The results below describe the numbers of hospitals and nurses in the samples from each country and information on selected characteristics of the nurses, including their education, work status and experience in nursing. The distributions of work environment subscales for the hospitals in each country are presented, as well as results of classifying hospitals using the summary work environment measure described above. The percentages of nurses reporting each of the negative outcomes, overall and then by the type of work environment (worst, mixed, better) within each country were calculated. Then, the effects of the work environment on each outcome in the different countries are estimated, using models that take account of differences across hospitals in nurse personal characteristics and also adjust for the clustering of nurses within hospitals. The effect of the work environment on the odds of nurses reporting poor outcomes were calculated using logistic regression models with Huber–White (sandwich) robust standard-error estimation procedures, with hospital as the clustering variable. Analyses were conducted using Stata Version 8.0 using a P< 0.05 statistical significance level.
Table 1 shows the numbers of hospitals and nurses in each of the different countries in the study, as well as the average number of nurses per hospital. There were decidedly larger samples of hospitals in the USA (n = 762) and Canada (n = 293) than in the other countries, where the samples of hospitals ranged from 19 (in Japan) to 121 (in China). The mean number of nurse respondents in the study hospitals was substantial, ranging from 51 nurses per hospital in the USA to 313 nurses per hospital in Japan.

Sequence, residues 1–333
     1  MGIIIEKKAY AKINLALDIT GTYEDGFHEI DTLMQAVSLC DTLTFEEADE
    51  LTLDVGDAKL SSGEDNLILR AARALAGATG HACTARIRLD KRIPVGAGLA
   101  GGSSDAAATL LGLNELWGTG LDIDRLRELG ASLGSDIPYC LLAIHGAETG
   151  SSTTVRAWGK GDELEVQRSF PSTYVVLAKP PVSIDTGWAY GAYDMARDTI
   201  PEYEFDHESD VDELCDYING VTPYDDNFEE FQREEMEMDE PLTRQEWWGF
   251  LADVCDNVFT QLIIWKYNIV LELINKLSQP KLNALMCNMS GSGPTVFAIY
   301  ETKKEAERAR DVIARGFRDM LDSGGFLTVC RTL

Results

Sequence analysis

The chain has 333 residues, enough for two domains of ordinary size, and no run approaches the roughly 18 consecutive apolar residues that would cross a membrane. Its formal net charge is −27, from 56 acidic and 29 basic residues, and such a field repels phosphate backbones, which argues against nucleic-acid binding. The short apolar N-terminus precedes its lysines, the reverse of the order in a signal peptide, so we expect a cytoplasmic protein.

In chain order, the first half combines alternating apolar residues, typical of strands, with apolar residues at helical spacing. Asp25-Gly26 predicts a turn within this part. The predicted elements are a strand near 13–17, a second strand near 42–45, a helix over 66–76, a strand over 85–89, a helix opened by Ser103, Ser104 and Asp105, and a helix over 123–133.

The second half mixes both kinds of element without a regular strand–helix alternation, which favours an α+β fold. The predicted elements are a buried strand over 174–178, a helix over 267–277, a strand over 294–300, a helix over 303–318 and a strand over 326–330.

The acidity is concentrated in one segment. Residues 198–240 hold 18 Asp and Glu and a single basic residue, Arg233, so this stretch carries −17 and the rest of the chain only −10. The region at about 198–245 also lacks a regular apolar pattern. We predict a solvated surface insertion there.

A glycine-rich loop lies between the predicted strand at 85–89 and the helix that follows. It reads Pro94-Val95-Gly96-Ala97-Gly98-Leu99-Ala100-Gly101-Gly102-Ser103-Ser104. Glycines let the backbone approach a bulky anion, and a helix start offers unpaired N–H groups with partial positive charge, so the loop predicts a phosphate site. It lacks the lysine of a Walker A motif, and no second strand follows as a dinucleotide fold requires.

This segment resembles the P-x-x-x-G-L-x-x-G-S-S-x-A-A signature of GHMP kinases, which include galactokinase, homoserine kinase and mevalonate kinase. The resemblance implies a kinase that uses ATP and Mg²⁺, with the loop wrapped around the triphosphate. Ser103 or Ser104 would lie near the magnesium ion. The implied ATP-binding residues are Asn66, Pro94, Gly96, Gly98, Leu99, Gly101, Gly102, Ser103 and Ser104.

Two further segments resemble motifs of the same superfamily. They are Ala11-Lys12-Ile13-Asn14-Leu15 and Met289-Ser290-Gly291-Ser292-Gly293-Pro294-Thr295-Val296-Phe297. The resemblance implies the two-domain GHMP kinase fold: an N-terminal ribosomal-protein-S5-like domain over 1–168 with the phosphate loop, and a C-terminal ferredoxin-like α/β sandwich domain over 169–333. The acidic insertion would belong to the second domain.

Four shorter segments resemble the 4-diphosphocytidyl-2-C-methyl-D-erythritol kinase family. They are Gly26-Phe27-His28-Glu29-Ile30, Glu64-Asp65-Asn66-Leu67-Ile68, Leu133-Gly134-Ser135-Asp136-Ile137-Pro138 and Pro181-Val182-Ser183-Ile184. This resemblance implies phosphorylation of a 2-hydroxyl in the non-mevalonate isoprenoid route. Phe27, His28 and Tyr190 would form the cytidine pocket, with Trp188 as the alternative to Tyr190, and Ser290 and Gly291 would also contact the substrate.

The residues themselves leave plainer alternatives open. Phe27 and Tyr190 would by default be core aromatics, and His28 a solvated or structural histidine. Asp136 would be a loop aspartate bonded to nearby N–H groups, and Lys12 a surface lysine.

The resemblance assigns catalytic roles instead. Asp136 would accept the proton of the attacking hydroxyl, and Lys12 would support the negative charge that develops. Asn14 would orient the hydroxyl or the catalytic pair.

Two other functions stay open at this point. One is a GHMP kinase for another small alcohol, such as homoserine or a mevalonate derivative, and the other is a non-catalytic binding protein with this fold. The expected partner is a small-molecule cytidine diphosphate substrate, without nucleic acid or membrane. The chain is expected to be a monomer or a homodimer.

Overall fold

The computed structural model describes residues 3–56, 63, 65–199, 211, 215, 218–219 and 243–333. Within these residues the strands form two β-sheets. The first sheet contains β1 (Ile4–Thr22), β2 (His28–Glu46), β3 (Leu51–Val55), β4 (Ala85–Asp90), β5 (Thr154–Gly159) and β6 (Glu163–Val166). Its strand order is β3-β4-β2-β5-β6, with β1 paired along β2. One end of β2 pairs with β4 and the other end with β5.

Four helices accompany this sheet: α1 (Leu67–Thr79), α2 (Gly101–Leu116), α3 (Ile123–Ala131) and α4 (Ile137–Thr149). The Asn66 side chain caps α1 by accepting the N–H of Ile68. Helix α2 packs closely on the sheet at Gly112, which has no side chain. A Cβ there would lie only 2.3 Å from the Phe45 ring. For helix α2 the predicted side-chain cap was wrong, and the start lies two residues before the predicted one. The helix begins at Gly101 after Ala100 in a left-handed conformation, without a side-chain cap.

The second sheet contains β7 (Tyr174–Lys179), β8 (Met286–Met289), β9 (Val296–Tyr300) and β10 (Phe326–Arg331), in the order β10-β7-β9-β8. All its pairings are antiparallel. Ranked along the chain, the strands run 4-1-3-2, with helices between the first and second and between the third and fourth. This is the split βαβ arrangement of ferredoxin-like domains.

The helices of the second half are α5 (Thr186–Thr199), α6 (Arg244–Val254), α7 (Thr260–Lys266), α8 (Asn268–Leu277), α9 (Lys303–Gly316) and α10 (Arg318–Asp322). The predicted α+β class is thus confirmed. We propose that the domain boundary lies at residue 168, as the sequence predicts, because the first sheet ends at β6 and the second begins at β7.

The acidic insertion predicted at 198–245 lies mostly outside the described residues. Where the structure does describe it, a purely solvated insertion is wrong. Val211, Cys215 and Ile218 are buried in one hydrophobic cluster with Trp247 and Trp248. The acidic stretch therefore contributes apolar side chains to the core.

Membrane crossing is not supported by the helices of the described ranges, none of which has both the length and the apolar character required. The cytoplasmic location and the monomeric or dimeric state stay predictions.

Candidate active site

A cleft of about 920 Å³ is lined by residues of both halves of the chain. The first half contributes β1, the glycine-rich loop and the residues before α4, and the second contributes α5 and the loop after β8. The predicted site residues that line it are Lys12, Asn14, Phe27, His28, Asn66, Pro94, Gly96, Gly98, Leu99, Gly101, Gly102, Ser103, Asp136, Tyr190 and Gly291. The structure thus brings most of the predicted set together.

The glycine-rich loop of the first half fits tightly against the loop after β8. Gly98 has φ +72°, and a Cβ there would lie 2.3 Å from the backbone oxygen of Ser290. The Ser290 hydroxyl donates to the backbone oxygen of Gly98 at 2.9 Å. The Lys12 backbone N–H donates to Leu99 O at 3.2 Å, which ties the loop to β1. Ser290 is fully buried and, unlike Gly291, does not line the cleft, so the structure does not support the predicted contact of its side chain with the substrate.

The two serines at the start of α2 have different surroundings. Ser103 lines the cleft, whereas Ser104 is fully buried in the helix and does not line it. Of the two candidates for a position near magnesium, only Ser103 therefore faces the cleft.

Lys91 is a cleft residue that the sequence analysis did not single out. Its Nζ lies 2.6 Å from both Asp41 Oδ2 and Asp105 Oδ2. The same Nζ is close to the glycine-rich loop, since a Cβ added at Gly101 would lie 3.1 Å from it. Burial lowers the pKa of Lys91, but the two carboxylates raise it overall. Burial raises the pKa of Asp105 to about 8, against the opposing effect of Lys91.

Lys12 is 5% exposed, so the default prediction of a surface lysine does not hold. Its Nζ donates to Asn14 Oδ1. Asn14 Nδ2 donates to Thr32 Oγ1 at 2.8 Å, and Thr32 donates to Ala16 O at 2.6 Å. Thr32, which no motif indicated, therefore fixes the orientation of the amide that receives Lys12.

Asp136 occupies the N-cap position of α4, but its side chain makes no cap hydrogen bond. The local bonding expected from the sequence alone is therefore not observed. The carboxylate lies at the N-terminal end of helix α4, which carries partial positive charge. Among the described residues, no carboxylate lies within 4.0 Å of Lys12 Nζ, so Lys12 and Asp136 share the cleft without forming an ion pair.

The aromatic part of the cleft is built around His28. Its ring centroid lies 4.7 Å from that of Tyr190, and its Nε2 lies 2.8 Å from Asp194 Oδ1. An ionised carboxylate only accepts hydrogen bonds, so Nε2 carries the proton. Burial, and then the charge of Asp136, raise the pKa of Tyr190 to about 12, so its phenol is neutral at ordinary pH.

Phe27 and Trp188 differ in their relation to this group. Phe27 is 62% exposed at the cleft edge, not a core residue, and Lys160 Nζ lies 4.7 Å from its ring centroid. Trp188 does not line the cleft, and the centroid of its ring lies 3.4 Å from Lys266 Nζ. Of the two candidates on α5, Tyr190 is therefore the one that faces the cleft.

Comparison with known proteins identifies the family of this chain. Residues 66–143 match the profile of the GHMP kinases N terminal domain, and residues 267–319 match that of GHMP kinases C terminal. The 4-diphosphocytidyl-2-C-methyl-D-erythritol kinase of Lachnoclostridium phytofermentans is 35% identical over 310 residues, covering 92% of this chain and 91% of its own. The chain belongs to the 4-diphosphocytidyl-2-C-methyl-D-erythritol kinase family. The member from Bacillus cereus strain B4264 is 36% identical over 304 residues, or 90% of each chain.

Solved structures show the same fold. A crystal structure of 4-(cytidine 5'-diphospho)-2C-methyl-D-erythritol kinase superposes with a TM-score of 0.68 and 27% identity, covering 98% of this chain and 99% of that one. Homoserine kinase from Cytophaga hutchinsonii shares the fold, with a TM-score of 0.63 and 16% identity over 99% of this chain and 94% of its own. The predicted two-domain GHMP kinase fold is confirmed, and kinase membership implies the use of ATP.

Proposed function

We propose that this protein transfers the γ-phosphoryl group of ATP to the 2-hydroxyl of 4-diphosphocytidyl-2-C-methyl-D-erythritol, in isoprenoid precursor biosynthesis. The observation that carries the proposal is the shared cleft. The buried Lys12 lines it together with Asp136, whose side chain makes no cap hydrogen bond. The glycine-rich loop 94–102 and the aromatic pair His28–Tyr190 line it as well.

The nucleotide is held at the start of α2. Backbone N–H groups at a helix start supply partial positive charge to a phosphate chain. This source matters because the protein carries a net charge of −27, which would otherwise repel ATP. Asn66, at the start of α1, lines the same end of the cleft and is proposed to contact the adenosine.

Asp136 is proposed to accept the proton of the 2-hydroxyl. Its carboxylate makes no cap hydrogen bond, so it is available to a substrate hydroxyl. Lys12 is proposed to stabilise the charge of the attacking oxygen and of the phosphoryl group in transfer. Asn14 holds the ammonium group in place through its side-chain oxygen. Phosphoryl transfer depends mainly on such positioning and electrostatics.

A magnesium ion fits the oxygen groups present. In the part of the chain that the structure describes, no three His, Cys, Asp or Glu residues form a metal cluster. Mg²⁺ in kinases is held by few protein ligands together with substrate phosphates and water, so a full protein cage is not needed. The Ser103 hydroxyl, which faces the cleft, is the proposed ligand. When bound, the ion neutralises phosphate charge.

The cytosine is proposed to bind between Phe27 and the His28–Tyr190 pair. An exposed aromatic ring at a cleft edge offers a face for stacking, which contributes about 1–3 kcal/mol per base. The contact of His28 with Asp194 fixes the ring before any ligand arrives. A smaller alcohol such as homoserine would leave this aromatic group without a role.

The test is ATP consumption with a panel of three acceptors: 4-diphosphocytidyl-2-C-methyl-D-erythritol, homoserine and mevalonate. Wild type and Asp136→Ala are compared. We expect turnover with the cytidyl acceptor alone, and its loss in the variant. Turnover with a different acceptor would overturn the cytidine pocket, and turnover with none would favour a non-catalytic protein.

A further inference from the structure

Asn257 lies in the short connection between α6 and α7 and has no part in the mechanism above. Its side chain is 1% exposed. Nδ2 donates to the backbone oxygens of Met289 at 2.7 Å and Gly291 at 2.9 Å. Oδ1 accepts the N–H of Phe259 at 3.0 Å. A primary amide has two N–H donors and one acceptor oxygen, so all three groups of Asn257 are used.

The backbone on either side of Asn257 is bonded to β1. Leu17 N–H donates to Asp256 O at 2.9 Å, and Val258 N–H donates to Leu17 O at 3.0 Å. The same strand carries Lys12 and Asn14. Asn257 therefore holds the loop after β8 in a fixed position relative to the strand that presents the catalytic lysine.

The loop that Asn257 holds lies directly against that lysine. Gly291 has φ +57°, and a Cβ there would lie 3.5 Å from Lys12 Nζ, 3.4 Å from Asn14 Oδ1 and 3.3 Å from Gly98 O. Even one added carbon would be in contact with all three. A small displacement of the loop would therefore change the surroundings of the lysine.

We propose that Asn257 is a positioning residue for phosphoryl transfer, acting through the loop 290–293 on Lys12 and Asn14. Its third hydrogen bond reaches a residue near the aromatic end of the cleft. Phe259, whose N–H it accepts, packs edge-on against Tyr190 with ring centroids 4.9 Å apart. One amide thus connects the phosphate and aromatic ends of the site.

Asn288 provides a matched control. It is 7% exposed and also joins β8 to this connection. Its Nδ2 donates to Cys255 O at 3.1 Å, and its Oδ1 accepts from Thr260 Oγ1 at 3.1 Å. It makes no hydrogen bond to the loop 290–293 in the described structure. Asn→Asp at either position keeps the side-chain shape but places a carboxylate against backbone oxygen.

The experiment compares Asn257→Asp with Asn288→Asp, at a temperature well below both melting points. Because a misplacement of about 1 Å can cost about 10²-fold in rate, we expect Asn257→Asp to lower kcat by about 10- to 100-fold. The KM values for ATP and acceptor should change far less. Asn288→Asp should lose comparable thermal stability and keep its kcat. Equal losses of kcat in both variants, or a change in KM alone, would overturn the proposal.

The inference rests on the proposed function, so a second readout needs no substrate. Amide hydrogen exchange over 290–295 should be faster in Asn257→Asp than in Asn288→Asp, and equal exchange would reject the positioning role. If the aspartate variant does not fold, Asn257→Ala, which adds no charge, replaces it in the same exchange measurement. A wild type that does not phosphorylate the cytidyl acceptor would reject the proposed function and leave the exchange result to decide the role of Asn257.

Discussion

Table 2 displays the characteristics and outcomes of the surveyed nurses. Most nurses in all countries were staff nurses (as opposed to nurses in managerial positions). The percentages of nurses who were university graduates ranged from 11% in the UK to 88% in Thailand, while the percentage of nurses who were employed part time was nil in China but >50% in the USA, New Zealand and Canada. Nurses in non-permanent positions were relatively rare in most countries. China is an exception where more than half of all hospital nurses did not have permanent positions, but non-permanent nurses are generally indistinguishable from permanent nurses in that country except for contract details. The percentage of nurses that were male was higher in Germany (15%) and lower in China (1%) than in the other countries, and the average years of experience was highest in Canada (18 years) and lowest in South Korea (6 years).
The bottom four rows of Table 2 compare nurse-reported outcomes across the nine countries. The percentage of nurses reporting high burnout was over a third in most countries and decidedly higher in South Korea and Japan (near 60% in both countries) than elsewhere. Germany was an outlier with only 15% of nurses reporting high burnout. Job dissatisfaction varied from 17% in Germany to around a third of nurses in most countries and a high of 60% dissatisfied in Japan. Almost half of nurses in all countries, except in Germany, and many more than half of the nurses in a few of the countries, lacked confidence that patients could manage their care after discharge. South Korean and Japanese nurses were more likely than other nurses to report that the quality of patient care on their unit was only fair or poor (as opposed to good or excellent). Unit quality was judged to be fair or poor by only 11% of nurses in Canada compared with a high of 60 and 65% in Japan and South Korea, respectively.